I found an old email the other day with some thoughts on bootstrapping our project management software company that I’d written to a mate. I thought it was interesting reading over what I’d written, so decided to repost the thoughts here… Here goes!
Regarding bootstrapping, It’s a hard balance. We put lots of time into systems and development, but sales suffer… or we focus on sales and then development suffers… Bootstrapping is fun to a point, then if the intention is to bootstrap through to profitability, the issue is 100% correct allocation of resources between development, sales, systems and marketing.
We don’t have a lot of wasted resource, only a tight team, no flash offices and a few contractors but we do A LOT with what we have. We have a good number of dedicated servers in California and one in NZ, are in profit and have no debt. So the years of hard work are paying off. Not an industry legend yet, but we’ll get there.
The biggest problem I see in our local market is the high number of software/SaaS co’s trying to scale, but using (old school) high inertia sales and marketing.
Ie: people having to sell, or visit companies to sell. Or going to trade shows and exhibitions, travelling etc…
All this is fine, but the underlying business model HAS to be low inertia, otherwise, it’ll scale, but so will the costs and expense… and profit will never come. This is just good sense!
To be in NZ and compete in SaaS globally, there needs to be minimum expense per sale, and as the revenue grows, the margins need to expand as well. If your business’s margins shrink with scale, you’ll hit a lid and have no profitability long term… Expanding margins mean you can scale faster as you grow.
Some companies I know of think that ‘Speed to market’ is the key. You must grow fast! – Not necessarily true… Long term sustainability is the key. We’d rather be smaller and healthy rather than rush things with the wrong model only to find out that we’ve scaled up too fast on a bad model and the only path to profitability is to take round two funding (and lose more control).
We track our competitors (as it’s a competitive market) and probably 20-30% of the ones I track have disappeared in the past 12 months. Gone! We don’t want that to happen to us…
In my personal opinion, Founders should also take a company to profit BEFORE taking investment to scale – otherwise you simply give away too much of the company and the investment goes into R&D (Investment should go to Sales/marketing). Not only that, but it’s those bootstrap years that help you truly discover the ‘profit recipe’ of your business. You can’t spend needlessly – every dollar out must return. This thinking can be lost or clouded if too much investment comes in too early.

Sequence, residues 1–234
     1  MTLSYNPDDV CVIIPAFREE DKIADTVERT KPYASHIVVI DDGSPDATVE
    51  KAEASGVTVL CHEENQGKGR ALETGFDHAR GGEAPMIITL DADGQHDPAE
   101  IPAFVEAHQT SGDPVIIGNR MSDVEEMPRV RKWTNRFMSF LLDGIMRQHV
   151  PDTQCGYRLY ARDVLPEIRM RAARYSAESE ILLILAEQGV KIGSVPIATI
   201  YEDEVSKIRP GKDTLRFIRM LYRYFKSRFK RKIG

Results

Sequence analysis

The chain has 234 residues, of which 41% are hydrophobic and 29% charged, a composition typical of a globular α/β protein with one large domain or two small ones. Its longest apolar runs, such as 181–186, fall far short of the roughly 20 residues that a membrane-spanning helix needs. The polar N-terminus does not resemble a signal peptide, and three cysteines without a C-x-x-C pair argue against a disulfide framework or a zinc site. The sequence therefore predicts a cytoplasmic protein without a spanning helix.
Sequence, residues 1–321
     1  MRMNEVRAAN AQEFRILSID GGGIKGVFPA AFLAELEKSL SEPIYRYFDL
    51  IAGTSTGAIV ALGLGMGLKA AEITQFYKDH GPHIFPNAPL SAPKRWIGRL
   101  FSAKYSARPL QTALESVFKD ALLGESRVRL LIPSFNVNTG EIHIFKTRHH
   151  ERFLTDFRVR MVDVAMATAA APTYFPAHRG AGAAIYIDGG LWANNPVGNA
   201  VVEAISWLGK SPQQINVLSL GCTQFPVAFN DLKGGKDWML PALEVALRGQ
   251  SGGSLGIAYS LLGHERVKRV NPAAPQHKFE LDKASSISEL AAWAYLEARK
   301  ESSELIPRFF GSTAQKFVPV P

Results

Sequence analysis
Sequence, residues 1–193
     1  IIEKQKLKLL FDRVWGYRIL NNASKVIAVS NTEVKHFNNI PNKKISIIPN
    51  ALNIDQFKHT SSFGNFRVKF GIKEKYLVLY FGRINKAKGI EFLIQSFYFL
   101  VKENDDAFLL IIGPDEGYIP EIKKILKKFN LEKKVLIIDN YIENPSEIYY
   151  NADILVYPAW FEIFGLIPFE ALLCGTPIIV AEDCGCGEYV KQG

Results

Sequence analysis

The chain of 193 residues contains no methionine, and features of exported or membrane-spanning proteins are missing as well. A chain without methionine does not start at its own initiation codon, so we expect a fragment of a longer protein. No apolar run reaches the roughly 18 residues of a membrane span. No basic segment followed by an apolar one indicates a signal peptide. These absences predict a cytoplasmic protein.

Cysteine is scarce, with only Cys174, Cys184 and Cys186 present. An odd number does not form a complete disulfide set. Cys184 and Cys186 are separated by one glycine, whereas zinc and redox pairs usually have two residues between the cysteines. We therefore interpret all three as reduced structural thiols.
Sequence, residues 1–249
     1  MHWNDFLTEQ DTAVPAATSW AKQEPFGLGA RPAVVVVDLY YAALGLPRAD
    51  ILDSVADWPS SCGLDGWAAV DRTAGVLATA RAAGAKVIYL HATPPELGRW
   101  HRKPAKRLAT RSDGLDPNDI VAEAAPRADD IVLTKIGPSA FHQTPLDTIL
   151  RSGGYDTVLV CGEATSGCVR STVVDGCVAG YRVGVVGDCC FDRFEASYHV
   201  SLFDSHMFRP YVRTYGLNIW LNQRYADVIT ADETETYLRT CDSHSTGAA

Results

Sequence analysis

THE SUCCESS FORMULA
Ultimately there is one formula we ALL must adhere to to succeed long term.
Cost to Aquire Sale < Must be Less than Average Revenue from Sale
Where most companies get it wrong is on the ‘Cost to Aquire a Sale’ part. They make plenty of sales, but when you look at their model and costs, with trade shows, print ads, high sales costs etc they can blow 30x or more the monthly revenue they’ll gain.
Ie: A software company may spend (if analysed) $2000-4000 in time and company resource to land an average $100 per month sale. This means they’re not in profit until that customer has been with them 30 months. On this note, every company has a different ‘Average Customer Retention’ time. This may be 3 months or 2 years, but simple maths will tell you that if it takes 30 months to get to profit and the ‘Average Customer Retention’ time is 12 months… Guess what… you have a problem… and you’ll be chasing 2nd round funding sooner or later to stay afloat.
Understanding the key metrics around ‘Cost to Aquire a Sale & Average Revenue from a Sale’ is a key issue we all need to focus on – every day…
That’s my 2 cents for the morning… Time for a coffee!
About The Author:
Julian Stone begin_of_the_skype_highlighting end_of_the_skype_highlighting is the CEO of ProActive Software, developers and creators of the leading web based project management software http://www.proworkflow.com.